October is Protect Your Hearing Month

Kevin Garnett, B.S. Hearing Health, Hearing Loss

Kevin Garnett, B.S.
Latest posts by Kevin Garnett, B.S. (see all)

When you think of the places where hearing protection is necessary, what comes to mind? You might think immediately of a noisy factory or an airport tarmac where employees are exposed to loud sounds for the duration of their shifts. Indeed, these places are dangerous for hearing, and advanced hearing protection is necessary for these workers to remain safe. However, there are other places of business and leisure activities that pose a risk, as well, and you might be surprised to learn which places can be damaging to your hearing. 

Let’s take a moment to look at some of the places where hearing can be damaged, including workplaces and recreational spaces. As we celebrate “Protect Your Hearing Month” this October, take the opportunity to share with others just how important it is to protect your hearing.

Occupational Hearing Damage

Large places of business, such as factories, transportation hubs, and military posts are required to provide hearing protection for their employees, but these large organizations are not the only ones required to do so. The Occupational Health and Safety Administration (OSHA) is tasked with checking in on these places of business to make sure they are protecting their workers. 

However, some small businesses can escape the watchful eye of OSHA. Though they might not have the proper requirements, equipment, and training in place, they can be just as risky to employee hearing ability. Some of the small businesses that can pose a risk to hearing might surprise you. Auto mechanics often use loud equipment in resonant garages, and that sound can be damaging to workers’ hearing ability after a full shift. Restaurants, bars, and other establishments where people gather can pose a risk, as well. At these places of business, the voices of patrons add to the existing background sound of appliances and music, combining to form a serious hearing risk. 

Although these employers might not be aware of OSHA regulations, they are required to protect their employees’ hearing. If you work at a place like this, it is important to take hearing protection into your own hands. You can talk with your manager about the right type of hearing protection and the appropriate length of a shift in a loud place. Even wearing disposable foam earplugs can reduce the decibel level of your workplace by 10 to 15 decibels, providing essential protection.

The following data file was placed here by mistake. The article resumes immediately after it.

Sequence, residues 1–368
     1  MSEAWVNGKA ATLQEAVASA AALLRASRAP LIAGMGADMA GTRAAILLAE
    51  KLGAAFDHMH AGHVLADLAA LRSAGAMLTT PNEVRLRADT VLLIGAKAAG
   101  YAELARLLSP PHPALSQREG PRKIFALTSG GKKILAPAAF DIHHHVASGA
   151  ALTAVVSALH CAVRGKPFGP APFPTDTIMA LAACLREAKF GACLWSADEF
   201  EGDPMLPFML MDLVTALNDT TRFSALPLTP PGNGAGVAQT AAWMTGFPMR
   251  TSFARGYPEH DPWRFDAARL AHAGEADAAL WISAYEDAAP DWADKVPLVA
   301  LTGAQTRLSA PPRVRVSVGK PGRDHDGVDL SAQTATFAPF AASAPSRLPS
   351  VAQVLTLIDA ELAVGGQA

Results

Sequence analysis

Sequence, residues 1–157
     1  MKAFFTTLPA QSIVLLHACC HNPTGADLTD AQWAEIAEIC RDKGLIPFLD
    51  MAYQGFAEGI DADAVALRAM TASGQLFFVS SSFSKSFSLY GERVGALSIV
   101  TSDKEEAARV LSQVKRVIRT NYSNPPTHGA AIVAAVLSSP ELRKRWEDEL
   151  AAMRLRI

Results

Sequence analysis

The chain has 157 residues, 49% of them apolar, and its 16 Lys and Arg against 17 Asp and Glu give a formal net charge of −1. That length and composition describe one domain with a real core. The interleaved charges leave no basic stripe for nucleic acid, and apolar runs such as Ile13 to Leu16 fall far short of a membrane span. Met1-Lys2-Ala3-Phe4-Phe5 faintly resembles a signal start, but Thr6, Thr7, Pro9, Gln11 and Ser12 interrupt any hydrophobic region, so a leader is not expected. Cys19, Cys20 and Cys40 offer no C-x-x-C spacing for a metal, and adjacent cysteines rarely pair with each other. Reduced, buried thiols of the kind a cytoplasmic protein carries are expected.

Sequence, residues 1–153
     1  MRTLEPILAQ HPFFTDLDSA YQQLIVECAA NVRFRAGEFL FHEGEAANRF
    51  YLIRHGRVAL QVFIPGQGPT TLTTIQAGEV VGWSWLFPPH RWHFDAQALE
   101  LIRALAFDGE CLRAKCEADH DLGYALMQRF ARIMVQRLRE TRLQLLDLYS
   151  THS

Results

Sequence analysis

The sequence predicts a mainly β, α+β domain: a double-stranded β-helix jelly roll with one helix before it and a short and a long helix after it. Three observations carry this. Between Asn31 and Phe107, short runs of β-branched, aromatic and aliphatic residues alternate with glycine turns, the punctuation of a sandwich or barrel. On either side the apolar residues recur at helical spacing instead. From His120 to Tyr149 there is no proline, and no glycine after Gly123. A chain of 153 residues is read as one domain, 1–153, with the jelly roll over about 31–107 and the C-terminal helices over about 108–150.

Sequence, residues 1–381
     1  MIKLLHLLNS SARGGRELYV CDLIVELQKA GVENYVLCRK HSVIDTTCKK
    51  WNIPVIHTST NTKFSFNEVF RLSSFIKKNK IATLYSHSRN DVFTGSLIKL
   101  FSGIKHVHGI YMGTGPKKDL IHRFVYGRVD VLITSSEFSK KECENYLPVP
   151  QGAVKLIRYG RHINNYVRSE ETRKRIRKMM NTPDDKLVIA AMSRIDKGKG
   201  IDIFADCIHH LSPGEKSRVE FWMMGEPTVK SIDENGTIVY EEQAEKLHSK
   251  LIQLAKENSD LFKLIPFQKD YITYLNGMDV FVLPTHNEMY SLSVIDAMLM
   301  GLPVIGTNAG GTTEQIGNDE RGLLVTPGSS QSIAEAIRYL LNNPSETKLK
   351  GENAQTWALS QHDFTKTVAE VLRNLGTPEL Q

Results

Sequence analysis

Recreational Hearing Damage

Sometimes our leisure and recreational activities are the cause of hearing damage, and once again it is important to take responsibility for your own hearing ability. Some risky places might be obvious to you, such as a loud rock concert or dance club. Fewer people are aware that sporting events can cause a serious risk to one’s hearing ability. 

Particularly the roaring crowd of a professional football game or the echo chamber of a basketball court can amplify sound to dangerous levels, particularly when the game is exciting. You might not think about wearing hearing protection in these settings, but it is a good way to make sure that you are not causing yourself harm through leisure activity. Perhaps the most common form of leisure activity that can cause hearing damage is wearing headphones or earbuds at a loud level. 

These devices make it possible to project music, podcasts, audiobooks, and audio with video directly into your ear canal. With that highly directional source of sound, others might not realize just how loud your devices are. Particularly when they are used in combination with background noise, such as while mowing the lawn or traveling on a noisy train, the sound of the device is added to an already loud scenario. 

One important way to protect yourself from leisure noise is to limit the time of exposure. Whereas it might not be possible to limit your working shift to a reasonable amount of time, you can limit how long you are spending in loud recreational places or how long you are wearing your headphones or earbuds. When you take responsibility for your own hearing protection, you can ensure that you are protected for years to come. 

Don’t put off getting the protection you need and putting into practice some of these lifestyle habits that promote hearing health!